Western Washington growth could impact public safety

MARYSVILLE, Wash. -- It’s no secret Western Washington is growing at a historic pace, with more businesses and people moving into the area each and every year.

While that may contribute to a healthy economy, emergency responders in these communities are wondering how they’re going to keep up with all these people.

The greater Seattle area is growing fast, and cities to the metro’s north, south, east and west are experiencing it, too.

In Kirkland, the calmness of the lakefront is a stark contrast to all the new development underway. In her State of the City Address last month, Mayor Amy Walen discussed how Kirkland will need to “grow gracefully.”

It’s something other cities like Marysville are grappling with as one of the fastest-growing cities in they country. While still recovering from the recession, the fire department is especially feeling the squeeze.

“The growth obviously increases our call volume significantly,” said Marysville Fire Captain Dean Shelton. “We had grown so fast in coverage area, but unfortunately those decreased revenue streams meant we also saw a decrease in the level of service.”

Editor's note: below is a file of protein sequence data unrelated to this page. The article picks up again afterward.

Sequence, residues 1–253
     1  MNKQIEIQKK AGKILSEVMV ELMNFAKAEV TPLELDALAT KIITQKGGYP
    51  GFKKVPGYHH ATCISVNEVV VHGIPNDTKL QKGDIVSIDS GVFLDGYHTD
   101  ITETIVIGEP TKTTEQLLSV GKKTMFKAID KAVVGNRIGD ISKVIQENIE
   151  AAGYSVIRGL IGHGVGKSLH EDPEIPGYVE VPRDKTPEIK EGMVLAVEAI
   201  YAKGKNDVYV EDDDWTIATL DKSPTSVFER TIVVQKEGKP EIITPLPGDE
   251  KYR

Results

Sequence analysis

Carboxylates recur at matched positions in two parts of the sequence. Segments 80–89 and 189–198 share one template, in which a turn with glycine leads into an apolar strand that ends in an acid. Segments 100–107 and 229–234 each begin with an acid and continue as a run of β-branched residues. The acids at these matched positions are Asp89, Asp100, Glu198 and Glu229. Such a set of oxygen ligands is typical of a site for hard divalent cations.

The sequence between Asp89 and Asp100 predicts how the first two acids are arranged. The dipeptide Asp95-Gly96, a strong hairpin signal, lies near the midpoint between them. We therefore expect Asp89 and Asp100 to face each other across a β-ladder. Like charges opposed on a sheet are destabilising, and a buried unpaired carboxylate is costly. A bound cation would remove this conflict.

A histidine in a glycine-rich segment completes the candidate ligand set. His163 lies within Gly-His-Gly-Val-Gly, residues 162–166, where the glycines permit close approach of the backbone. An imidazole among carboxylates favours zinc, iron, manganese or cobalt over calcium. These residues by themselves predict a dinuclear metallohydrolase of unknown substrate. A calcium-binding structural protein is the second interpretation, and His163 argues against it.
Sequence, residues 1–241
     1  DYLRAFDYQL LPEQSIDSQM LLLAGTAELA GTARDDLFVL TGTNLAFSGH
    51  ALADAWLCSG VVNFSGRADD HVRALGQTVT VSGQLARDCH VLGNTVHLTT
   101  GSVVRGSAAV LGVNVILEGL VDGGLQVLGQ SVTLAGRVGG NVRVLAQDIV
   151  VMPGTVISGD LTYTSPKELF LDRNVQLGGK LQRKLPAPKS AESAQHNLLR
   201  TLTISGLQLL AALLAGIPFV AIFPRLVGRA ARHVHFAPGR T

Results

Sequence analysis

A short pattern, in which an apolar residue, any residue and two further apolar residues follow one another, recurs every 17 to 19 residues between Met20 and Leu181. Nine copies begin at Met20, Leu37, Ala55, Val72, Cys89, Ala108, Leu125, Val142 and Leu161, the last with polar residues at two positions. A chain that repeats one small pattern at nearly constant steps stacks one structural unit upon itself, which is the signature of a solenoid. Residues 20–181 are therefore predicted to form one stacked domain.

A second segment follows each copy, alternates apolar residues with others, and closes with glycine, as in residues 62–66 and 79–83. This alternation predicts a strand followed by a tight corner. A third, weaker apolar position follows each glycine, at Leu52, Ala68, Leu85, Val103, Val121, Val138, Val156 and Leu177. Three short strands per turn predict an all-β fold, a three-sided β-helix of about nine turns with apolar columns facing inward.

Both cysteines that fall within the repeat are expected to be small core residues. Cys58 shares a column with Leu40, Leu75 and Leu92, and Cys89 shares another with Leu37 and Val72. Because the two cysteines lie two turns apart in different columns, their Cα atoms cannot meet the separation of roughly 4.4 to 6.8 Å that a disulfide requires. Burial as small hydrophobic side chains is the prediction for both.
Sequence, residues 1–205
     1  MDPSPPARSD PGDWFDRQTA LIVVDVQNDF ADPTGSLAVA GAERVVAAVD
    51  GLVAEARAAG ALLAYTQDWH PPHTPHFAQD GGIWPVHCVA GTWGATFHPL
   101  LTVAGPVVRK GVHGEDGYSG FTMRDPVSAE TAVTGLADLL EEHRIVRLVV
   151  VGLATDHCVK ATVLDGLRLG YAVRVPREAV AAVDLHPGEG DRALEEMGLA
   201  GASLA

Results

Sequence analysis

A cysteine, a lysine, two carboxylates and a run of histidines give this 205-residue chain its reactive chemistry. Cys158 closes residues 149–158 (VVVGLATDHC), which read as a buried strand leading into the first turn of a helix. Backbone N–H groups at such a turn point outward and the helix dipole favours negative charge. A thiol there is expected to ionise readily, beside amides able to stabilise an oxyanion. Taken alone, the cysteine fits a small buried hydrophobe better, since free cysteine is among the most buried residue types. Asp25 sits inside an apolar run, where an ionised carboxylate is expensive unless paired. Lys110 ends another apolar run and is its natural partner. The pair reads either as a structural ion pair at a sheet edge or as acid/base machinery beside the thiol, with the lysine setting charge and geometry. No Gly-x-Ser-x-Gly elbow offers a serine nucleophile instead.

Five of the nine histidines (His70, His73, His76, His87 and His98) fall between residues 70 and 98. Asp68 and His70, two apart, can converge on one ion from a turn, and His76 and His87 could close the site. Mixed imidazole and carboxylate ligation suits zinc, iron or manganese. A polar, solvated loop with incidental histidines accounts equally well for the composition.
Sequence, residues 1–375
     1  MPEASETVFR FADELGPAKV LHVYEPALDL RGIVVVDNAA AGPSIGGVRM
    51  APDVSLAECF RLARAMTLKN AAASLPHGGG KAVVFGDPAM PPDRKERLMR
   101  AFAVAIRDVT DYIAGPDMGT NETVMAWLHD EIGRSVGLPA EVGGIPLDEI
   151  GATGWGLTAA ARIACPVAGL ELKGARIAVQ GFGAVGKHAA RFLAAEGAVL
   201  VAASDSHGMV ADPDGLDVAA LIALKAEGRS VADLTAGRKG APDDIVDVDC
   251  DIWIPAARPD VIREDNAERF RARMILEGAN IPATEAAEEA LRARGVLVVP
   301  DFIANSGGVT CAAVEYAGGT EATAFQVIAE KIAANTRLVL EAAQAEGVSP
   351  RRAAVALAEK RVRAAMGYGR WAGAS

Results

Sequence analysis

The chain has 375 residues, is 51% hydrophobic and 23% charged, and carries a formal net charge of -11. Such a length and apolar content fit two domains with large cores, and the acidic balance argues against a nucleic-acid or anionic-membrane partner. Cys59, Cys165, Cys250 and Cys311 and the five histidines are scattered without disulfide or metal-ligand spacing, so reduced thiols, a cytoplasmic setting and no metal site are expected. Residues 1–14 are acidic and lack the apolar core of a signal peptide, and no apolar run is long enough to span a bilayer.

Firefighters say they’re trying to make do with the resources they have, from responding to medical calls to calls for help at a city park. However, Shelton worries that one day, they won’t have enough resources to get to a call in time.

“Clearly our goal is to respond as fast as we can and as efficiently as we can to accommodate every call that comes in, but there are going to be constraints,” said Shelton.

It’s a concern being felt in the South Sound as well. Pierce County Sheriff Paul Pastor expects his department will soon be serving a million people within the next decade.

“Currently we have a criminal justice system that is about a 600,000-person county, but we have an 830,000-person county,” said Pastor.

Pastor says while more people are moving in, his department isn’t growing fast enough.

“If we know this growth is coming, it would make sense to begin gearing up,” said Pastor.

What that could mean is areas in the vast county are left unprotected.

"With more people, there is more congestion and more conflict between people and there will also be a bit more crime," said Pastor. “We need to think ahead, we need to prepare, and we need to consider this.”

It’s why fire departments and law enforcement agencies are turning to their communities for help, whether encouraging neighborhood policing or seeking more funding through levies and taxes, they say they won’t be able to handle the growth alone.

“The growth won’t happen overnight; the building of the criminal justice infrastructure won’t happen overnight, but if we don’t start now, we will be slapping our foreheads and saying ‘gee where did all these people come from, and what are we going to do about it,’” said Pastor.

In Marysville, some are pushing for a regional fire district. They believe that’s the solution to cover a larger area more efficiently.

In Pierce County, the sheriff said, an independent study showed the department needs 72 additional people to keep up with the need But how will they fund it? That’s the next big hurdle.